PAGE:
Nov 28 / Simcha

Red Lipstick and Feminism (M. Marsh)

redlipstickAlthough this article strays a bit from “Psychotherapy” and “Personal Growth,” I found it an interesting look at the relationship between self-beautification and the sexualization of women.  Author Madeleine Marsh, who wrote a history entitled Compacts and Cosmetics: Beauty from Victorian Times to the Present, explores the history of cosmetics and lipstick; she suggests that — contrary to common knowledge — red lipstick in particular has been a symbol of female strength, especially in the past century.

This story is from an interview that aired on PRI’s The Takeaway, a daily radio show that invites listeners into the American conversation.

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Red lipstick is as en vogue as ever this summer. But did you know that behind that color is a rich history steeped in identity, self-expression, and liberation?

According to Madeleine Marsh, author of Compacts and Cosmetics, red lipstick “is in fact more than anything else about female strength.”

Since the dawn of time, women have decorated themselves. Marsh found the first representation of lipstick on an ancient Egyptian papyrus, but red lipstick wasn’t always socially acceptable. During the early 20th century, women who wore red lipstick were seen as prostitutes.

Modern-day makeup really gained popularity after World War I. When the United States invented the metal push-up lipstick tube, cosmetics became more portable and mainstream than ever.

“The first and most famous manifestation of red lipstick was in fact in New York when the suffragettes took to the streets, banded together, and as part of their defiance and fight for the vote, they all wore bright red lipstick,” explains Marsh.

It’s no surprise that lipstick continued to gain popularity after that period, and the accessory came to represent strength during World War II.

“Cosmetics were certainly hard to come across because we were making more important things, but the lipstick that was being made was given names like ‘Fighting Red!’ ‘Patriot Red!’ ‘Grenadier Red!’ And ladies were encouraged to look your best to do your best,” says Marsh. “On one hand lipstick is always being portrayed as about sexuality, but that strong vein and the power of women and the power of presenting yourself in a strong way is always there, too.”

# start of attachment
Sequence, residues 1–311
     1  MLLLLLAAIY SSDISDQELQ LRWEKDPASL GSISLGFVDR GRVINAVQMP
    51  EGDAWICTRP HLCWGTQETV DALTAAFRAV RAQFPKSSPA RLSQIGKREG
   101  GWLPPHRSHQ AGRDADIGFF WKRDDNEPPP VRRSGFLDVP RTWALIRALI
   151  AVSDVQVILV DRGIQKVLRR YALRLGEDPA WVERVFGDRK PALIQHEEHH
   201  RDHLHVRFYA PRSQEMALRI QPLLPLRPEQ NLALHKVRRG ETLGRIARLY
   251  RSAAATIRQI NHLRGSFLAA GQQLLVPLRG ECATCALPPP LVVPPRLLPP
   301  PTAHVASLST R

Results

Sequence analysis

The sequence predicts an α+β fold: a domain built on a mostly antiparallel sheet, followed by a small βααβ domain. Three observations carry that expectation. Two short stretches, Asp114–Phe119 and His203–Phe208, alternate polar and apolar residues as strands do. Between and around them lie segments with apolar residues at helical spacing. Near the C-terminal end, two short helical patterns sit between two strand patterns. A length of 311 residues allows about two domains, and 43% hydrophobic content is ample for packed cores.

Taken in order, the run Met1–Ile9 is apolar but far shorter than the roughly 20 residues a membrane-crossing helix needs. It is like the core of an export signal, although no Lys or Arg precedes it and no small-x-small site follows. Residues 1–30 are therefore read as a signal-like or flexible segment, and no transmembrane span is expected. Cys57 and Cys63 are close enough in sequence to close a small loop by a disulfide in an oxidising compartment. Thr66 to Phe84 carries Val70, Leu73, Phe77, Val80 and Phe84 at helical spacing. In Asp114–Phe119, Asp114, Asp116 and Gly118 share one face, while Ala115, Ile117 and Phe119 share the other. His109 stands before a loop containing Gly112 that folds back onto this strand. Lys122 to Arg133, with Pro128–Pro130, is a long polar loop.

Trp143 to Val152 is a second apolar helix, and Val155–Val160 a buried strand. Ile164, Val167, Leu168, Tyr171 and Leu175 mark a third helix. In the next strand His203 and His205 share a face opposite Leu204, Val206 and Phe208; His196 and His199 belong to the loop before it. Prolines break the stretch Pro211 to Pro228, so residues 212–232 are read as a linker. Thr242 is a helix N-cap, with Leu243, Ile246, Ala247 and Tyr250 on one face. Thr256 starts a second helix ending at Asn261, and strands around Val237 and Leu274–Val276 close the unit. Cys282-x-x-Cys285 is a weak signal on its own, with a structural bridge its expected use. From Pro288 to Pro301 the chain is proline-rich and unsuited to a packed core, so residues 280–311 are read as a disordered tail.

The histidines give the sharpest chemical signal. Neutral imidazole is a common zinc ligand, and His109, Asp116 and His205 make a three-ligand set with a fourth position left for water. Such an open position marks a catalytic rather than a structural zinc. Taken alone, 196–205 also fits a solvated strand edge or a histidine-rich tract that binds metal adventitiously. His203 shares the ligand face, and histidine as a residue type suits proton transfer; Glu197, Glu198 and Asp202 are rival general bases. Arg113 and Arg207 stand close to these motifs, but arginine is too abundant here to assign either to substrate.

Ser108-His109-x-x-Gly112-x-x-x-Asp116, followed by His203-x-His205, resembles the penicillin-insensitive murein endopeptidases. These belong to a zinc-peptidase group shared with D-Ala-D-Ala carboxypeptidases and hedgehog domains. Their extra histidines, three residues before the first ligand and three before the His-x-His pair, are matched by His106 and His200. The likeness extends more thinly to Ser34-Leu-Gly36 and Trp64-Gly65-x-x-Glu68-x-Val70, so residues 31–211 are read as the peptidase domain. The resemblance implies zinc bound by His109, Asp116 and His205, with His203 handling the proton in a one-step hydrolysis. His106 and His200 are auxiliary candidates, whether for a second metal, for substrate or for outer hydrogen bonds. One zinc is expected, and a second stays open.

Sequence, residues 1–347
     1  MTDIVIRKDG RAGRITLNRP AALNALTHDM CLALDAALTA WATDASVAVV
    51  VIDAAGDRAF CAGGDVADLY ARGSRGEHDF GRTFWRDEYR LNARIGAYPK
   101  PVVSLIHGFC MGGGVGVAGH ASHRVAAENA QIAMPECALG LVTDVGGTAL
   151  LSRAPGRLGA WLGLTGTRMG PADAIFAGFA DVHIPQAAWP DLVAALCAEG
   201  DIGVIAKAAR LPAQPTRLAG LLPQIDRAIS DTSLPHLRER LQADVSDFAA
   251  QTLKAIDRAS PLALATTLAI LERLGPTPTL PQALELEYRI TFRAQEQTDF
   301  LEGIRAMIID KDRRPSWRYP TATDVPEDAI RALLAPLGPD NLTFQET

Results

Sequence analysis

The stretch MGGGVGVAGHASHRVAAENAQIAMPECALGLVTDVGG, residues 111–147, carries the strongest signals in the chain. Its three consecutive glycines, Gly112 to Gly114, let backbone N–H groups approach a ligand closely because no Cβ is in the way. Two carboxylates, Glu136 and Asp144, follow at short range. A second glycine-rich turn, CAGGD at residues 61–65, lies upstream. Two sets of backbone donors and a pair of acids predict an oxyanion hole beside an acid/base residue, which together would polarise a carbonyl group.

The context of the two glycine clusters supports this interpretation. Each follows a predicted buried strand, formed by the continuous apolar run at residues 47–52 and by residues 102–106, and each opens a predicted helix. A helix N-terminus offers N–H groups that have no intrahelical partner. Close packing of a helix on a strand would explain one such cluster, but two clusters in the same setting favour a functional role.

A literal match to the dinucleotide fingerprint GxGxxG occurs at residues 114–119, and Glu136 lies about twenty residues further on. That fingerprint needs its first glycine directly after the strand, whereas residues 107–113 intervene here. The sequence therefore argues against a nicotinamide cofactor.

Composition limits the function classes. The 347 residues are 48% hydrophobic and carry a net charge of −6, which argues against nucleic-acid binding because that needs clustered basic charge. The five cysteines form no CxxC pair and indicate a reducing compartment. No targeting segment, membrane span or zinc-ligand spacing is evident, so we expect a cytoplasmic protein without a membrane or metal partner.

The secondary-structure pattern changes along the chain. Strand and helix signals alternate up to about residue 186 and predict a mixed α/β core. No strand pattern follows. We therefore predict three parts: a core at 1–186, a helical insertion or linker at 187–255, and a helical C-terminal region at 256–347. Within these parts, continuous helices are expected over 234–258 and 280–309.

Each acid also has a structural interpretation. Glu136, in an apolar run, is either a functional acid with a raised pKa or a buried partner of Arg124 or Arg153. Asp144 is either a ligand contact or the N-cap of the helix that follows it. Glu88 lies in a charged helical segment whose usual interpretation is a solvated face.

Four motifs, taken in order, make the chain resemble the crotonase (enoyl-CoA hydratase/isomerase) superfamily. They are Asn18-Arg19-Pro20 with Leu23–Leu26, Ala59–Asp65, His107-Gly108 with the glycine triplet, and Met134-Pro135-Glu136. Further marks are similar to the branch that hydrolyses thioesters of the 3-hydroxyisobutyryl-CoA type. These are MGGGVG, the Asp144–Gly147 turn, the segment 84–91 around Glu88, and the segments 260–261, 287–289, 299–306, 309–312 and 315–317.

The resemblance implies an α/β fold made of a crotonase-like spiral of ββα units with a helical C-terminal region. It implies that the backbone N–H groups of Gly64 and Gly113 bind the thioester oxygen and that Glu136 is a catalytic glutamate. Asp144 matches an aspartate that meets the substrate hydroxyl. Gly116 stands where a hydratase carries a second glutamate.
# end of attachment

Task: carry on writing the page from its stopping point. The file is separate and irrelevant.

According to Marsh, lipstick fell out of vogue for a time during the 1970s when the modern feminist movement began to take off. Cosmetics [and shaving one’s legs and armpits] were seen as tools of male oppression.

“But if you think of Rosie the Riveter — there she is, this big butch lady in her overalls with arms like prize winning hams, yet she’s got hennaed hair, red nail varnish, and bright red lipstick,” she says. “You can be a lipstick feminist quite happily.”

But not everyone liked red lipstick. French fashion designer Coco Chanel found it along with red nail polish vulgar, complaining that house guests left stains on her glassware and table linens.

While some might say that cosmetics and lipstick are trivial, Marsh says the symbolism of these products runs deep.

“It’s about much more than that because it shows us what we expect women to be at particular periods,” says Marsh. “During the war, having your lipstick on was part of your fight against the enemy.”

Adolf Hitler also hated the trend and said that it was made from “animal fat rescued from sewage.”

“The Aryan ideal was a pure, un-scrubbed face,” says Marsh. “Visitors to Hitler’s country retreat, lady visitors were actually given a little list of things they must not do: Avoid excessive cosmetics, avoid red lipstick, and on no account ever are they to color their nails.”

Red lipstick is a part of history, says Marsh, but at the end of the day, we do this for ourselves: “Don’t count on men, now or then, to pay much attention.  I think men don’t really notice a lot of the time.  It really comes down to how you feel about yourself, and THAT is what makes you attractive.”